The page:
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September 17, 2021

News West

West Coast News Network

9/11 changed America. It also changed the lives of our leaders

Pete Buttigieg was in his Harvard dorm room. Joni Ernst was planning her toddler’s birthday party in their new home in Red Oak, Iowa. Asa Hutchinson was scheduled to board a commercial flight to Washington, D.C. — and ended up on a military jet instead.

Through different vantage points, they saw the same indelible images: the collapse of the World Trade Center towers, the smoldering Pentagon, the crater of wreckage in Shanksville, Pa.

They, like much of the nation, can easily summon their memories of Sept. 11, 2001, a collective freeze frame of the moment that seemed to transform everything.

After a presidential impeachment and a fiercely contested presidential election that was ultimately decided by the Supreme Court in a 5-4 ruling, the terrorist attacks offered a flash of national unity. The bipartisan cooperation was fleeting.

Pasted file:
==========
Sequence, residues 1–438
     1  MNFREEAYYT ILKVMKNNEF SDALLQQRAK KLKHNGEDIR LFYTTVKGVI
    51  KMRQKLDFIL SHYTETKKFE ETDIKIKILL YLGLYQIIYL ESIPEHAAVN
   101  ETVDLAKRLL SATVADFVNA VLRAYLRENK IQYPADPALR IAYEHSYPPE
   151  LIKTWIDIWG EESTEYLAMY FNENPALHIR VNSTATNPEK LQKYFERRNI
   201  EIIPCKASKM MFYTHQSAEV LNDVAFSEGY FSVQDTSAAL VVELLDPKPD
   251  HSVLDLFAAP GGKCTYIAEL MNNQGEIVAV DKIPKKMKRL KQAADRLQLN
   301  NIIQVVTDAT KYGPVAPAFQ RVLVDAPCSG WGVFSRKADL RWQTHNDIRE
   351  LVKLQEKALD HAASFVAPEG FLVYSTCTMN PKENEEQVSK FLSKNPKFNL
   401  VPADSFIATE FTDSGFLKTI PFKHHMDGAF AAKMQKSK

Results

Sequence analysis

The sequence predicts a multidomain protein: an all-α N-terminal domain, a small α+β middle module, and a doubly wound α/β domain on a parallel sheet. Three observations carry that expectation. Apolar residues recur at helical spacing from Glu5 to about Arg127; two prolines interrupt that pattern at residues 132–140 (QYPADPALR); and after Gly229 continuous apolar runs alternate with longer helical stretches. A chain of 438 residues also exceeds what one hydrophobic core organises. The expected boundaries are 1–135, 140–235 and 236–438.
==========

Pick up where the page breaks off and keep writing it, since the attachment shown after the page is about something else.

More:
But in other ways, the impact of 9/11 has endured for decades, including the lasting influence on politicians who are today at the highest reaches of American power.

For some, that day changed their careers entirely, like that of Tom Cole of Oklahoma, who was soon launched into a new, unplanned chapter of public service. The attacks set first-year Rep. Adam B. Schiff on a course that, two decades later, made him one of the most visible Democrats in Congress. Lessons learned in the aftermath of Sept. 11 still resonate with officials navigating our current crises of the COVID-19 pandemic, civic unrest and withdrawal from Afghanistan.

On the 20th anniversary of 9/11, eight politicians shared their reflections on how the cataclysm of Sept. 11 shaped their own lives and guided their approach to politics.

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